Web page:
The Comoros Islands consist of a small group of island located in the Indian Ocean just northwest of Madagascar. The four main islands consist of three mostly Muslim islands of Grande Comore, Anjouan, Moheli and Mayiotte a largely Christian island. They have a poorly developed agricultural economy that relies heavily on foreign grants to sustain approximately 550,000 people. There is little industry and little natural resources. The terrain is mountainous, with only 750 km (450 miles) of roads, 540 km (324 miles) of which are made of gravel and unsealed. The major export of the islands is ylang-ylang, a rare flower used in the production of aromatic oils.
1527 - Portuguese cartographer Diego Ribero depicts the Comoros islands on a European map for the first time.
1886 - Comoros become a French protectorate.
1912 - Comoros formally become a French colony administered from Madagascar.
1942 - British forces invade the Comoros and Madagascar, toppling the pro-Vichy administration and handing the territories over to the Free French government of Charles de Gaulle.
1947 - Comoros become an overseas territory of France and are given representation in the French parliament.
1961 - Comoros given autonomy.
In 1973 An agreement was reached with France for the Islands to become independent in 1978. However, the deputies of Mayotte (the largely Christian island) abstained, and referendums were then held on all four of the islands. Three voted by a large majority for independence, while Mayotte voted against and remained under French administration. On 6th July 1975, the Comorian parliament passed a unilateral resolution declaring independence. Ahmed Abdallah proclaimed himself the independend of the Comorian State and became its first president. In doing so he insured the next 30 years would become a period of political turmoil.
On 3rd August 1975, French mercenary Bob Denard, along with clandestine support from Jacques Foccart and the French government, removed president Ahmed Abdallah from office in an armed coup and replaced him with a member of United National Front of the Comoros (UNF) Said Mohammed Jaffar.
Bob Denard, real name Gilbert Bourgeaud, born 7th April 1929, and saw service in the French colonial wars in Indo-China and Algeria. He served in the police in Morocco and embarked on his career as a mercenary in 1961 after seeing a small advert seeking recruits for the Congo (now Zaire). He fought for secessionists in Katanga before serving with royalist forces in North Yemen and then fighting for the secessionist state of Biafra, in Nigeria. He also trained mercenaries for operations on behalf of Unitain Angola, for secessionists in Angola's Cabinda province and in the then Rhodesia.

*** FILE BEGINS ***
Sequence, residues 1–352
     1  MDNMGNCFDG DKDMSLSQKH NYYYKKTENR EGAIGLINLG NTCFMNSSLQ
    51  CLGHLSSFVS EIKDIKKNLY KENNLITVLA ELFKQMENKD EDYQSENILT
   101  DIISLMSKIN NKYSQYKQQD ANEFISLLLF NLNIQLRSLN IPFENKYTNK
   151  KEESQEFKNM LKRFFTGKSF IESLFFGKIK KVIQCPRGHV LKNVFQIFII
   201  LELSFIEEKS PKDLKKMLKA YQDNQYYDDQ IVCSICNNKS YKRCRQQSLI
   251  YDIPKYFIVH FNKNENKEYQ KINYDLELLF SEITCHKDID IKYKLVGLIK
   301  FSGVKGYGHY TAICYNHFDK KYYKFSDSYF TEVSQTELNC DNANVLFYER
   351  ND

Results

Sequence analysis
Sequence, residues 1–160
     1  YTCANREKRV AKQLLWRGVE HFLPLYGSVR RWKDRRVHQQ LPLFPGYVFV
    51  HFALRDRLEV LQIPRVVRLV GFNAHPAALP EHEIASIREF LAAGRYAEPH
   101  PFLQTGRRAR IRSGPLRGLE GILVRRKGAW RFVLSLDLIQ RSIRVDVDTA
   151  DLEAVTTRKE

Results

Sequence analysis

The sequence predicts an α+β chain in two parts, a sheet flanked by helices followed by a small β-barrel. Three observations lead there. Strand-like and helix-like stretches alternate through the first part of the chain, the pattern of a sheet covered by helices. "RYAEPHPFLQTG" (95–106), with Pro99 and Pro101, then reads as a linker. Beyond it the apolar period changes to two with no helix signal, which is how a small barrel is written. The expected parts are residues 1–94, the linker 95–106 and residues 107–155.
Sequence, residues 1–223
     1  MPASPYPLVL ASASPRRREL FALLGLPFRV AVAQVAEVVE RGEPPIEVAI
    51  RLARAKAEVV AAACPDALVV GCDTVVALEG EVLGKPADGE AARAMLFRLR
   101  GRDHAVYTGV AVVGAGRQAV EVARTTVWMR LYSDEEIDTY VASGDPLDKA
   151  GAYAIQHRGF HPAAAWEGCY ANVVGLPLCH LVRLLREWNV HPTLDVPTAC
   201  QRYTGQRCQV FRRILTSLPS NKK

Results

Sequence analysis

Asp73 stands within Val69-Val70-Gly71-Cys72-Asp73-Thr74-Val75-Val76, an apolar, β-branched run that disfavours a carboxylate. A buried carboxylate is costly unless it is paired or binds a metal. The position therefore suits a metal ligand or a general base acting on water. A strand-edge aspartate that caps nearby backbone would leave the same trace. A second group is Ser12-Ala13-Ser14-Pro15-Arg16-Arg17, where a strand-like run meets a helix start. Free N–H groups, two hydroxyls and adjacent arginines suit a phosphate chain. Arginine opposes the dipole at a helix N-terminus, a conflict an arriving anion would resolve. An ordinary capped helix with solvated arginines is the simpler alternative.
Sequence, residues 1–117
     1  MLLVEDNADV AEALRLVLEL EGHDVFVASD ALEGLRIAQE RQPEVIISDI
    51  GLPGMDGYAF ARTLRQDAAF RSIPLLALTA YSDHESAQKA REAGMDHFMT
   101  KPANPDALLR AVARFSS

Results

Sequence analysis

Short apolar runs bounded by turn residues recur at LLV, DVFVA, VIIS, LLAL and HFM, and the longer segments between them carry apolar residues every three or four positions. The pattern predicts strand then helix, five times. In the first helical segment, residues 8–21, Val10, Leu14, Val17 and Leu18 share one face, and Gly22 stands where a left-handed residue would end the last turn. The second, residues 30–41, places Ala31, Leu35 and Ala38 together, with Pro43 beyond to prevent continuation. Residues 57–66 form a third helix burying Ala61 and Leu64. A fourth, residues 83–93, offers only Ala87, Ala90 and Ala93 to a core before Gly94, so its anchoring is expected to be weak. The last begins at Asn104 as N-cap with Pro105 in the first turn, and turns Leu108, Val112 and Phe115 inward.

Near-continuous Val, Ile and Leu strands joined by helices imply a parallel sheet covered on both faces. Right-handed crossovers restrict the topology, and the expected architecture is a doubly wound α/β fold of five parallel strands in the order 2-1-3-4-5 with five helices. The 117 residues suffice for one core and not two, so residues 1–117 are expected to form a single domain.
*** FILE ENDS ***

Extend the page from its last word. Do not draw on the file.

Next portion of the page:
During January 1976, Jaffar was ousted in favor of his Minister of Defense Ali Soilih. While at the same time, the population of Mayotte voted against independence from France in two referendums. The first being held in December 1974, won 63.8% support for maintaining ties with France, while the second, held in February 1976, confirmed that vote with an overwhelming 99.4%. However, the three remaining islands, ruled by President Soilih, instituted a number of socialist and isolationist policies that soon strained relations with France.
On 13th May 1978, 49-year-old Bob Denard returned by invading along with 46 men from a converted trawler named the ‘Massiwa’. Having sailed from Europe with his black uniformed crew, to claim ownership of this tiny but idyllic island. His intention was to over throw president Soilih and to re-instate Abdallah with the support of the French and South African governments. (During Soilih's brief rule, he endured seven additional coup attempts against him, until he was finally forced from office and killed).
Denard had been in the Comoros Islands before, to train the soldiers of Marxist ruler Ali Soilih. Earlier Soilih had forced Ahmed Abdallah into exile and he had moved to Paris. Later, short on funds but high on ambition, he offered to cut Bob Denard in on a deal if he would return him to power. The deal was rumored to be worth $6 million.
While back in the Comoros Soilih seemed to be a little short on brain cells and at one time appointed a 15 year old to run the police department, burnt all government records, and after a witch doctor told him he would be killed by a white man with a black dog, he killed every black dog on the island.